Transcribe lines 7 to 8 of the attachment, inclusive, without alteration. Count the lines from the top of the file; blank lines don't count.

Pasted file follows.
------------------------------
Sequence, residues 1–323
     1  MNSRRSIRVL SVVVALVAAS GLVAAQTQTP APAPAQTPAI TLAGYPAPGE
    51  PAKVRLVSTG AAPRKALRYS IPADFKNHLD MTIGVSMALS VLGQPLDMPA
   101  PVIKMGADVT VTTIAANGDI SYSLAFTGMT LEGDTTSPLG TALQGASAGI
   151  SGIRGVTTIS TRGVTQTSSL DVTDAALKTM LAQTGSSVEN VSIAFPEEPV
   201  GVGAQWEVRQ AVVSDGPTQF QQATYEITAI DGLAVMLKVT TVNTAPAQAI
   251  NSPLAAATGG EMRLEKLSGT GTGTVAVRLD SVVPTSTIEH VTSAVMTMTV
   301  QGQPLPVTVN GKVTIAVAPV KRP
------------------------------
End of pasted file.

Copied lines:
   251  NSPLAAATGG EMRLEKLSGT GTGTVAVRLD SVVPTSTIEH VTSAVMTMTV
   301  QGQPLPVTVN GKVTIAVAPV KRP